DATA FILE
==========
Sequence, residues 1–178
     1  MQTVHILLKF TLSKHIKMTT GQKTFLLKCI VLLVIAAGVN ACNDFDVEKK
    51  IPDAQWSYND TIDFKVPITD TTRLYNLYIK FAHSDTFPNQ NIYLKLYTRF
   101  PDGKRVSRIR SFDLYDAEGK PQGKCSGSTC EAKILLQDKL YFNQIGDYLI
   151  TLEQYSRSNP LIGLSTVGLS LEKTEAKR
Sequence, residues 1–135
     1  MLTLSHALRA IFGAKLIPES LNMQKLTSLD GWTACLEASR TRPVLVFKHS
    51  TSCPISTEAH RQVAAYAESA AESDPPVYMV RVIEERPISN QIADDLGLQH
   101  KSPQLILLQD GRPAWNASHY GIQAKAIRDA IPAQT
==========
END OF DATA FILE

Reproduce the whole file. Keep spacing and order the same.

Sequence, residues 1–178
     1  MQTVHILLKF TLSKHIKMTT GQKTFLLKCI VLLVIAAGVN ACNDFDVEKK
    51  IPDAQWSYND TIDFKVPITD TTRLYNLYIK FAHSDTFPNQ NIYLKLYTRF
   101  PDGKRVSRIR SFDLYDAEGK PQGKCSGSTC EAKILLQDKL YFNQIGDYLI
   151  TLEQYSRSNP LIGLSTVGLS LEKTEAKR
Sequence, residues 1–135
     1  MLTLSHALRA IFGAKLIPES LNMQKLTSLD GWTACLEASR TRPVLVFKHS
    51  TSCPISTEAH RQVAAYAESA AESDPPVYMV RVIEERPISN QIADDLGLQH
   101  KSPQLILLQD GRPAWNASHY GIQAKAIRDA IPAQT